As mentioned in Section 5 of this package, there is also a more detailed comprehensive guide that has been developed for all employers across New Brunswick on the subject of domestic violence in the workplace, available at: www.toolkitnb.ca
An employer who knows how to talk with and support an employee who is experiencing domestic violence (for example, by providing some flexible work arrangements or scheduling) will create the conditions for a trusting professional working relationship, that may allow her to maintain her financial security (by continuing to work) and remain a productive employee.
A woman who is experiencing domestic violence, and who can maintain her job, is far more likely to successfully transition from her situation of violence and be a valuable and productive employee in that workplace.
Retaining good employees is a key concern for Restigouche employers, and many employers do not realize they may be losing some good workers due to unidentified domestic violence. Don’t miss out on the opportunity to support an employee who may be experiencing violence. Learn how to recognize the signs, how to talk with an employee, and how to access a range of available resources for both employers and employees.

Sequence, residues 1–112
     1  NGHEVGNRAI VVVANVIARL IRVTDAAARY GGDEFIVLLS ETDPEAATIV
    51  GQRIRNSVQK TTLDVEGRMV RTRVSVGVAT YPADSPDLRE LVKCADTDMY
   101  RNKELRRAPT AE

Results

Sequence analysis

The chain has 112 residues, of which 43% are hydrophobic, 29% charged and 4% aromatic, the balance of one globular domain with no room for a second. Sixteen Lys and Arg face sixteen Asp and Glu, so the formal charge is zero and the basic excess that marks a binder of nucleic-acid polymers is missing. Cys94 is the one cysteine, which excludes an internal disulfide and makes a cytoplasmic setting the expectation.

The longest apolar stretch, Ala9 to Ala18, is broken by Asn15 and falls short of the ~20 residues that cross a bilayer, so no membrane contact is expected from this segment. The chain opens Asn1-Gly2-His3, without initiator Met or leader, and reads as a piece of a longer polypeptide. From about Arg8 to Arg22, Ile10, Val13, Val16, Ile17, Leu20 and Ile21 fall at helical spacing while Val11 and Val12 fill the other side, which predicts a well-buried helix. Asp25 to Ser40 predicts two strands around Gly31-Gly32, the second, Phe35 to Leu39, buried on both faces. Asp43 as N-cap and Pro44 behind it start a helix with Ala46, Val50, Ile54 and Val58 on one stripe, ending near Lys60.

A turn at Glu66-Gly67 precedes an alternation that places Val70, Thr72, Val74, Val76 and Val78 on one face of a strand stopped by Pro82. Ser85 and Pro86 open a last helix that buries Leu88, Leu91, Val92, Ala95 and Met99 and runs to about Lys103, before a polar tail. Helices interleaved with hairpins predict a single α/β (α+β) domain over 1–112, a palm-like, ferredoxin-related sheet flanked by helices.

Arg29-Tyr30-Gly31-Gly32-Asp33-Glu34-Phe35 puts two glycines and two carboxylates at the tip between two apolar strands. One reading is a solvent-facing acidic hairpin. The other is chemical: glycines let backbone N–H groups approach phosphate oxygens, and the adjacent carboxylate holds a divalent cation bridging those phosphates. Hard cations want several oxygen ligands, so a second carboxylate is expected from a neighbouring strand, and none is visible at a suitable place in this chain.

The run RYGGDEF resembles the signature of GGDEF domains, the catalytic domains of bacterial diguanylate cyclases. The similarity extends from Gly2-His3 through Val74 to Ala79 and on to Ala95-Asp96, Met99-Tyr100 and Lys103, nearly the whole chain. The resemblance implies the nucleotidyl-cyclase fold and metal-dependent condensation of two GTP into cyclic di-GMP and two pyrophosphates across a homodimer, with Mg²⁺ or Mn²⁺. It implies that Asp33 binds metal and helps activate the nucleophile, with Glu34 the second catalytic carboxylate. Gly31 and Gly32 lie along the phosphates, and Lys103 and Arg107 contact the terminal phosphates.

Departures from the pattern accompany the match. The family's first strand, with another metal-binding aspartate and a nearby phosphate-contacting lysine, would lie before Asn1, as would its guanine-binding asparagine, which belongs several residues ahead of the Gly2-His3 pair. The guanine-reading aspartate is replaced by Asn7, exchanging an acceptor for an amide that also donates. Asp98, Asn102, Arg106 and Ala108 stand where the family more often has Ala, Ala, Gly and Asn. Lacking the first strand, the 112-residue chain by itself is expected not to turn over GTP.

By becoming a domestic violence-informed employer, you can:
The costs to a business can be serious. Domestic violence can lead to decreased productivity, poor performance, low employee morale, increased risks of accidents or injuries, increased absenteeism, and increased staff turnover. A study conducted with Canadian employers revealed that “Canadian employers lose $77.9 million annually due to the direct and indirect impacts of domestic violence, and the costs, to individuals, families and society, go far beyond that ²”.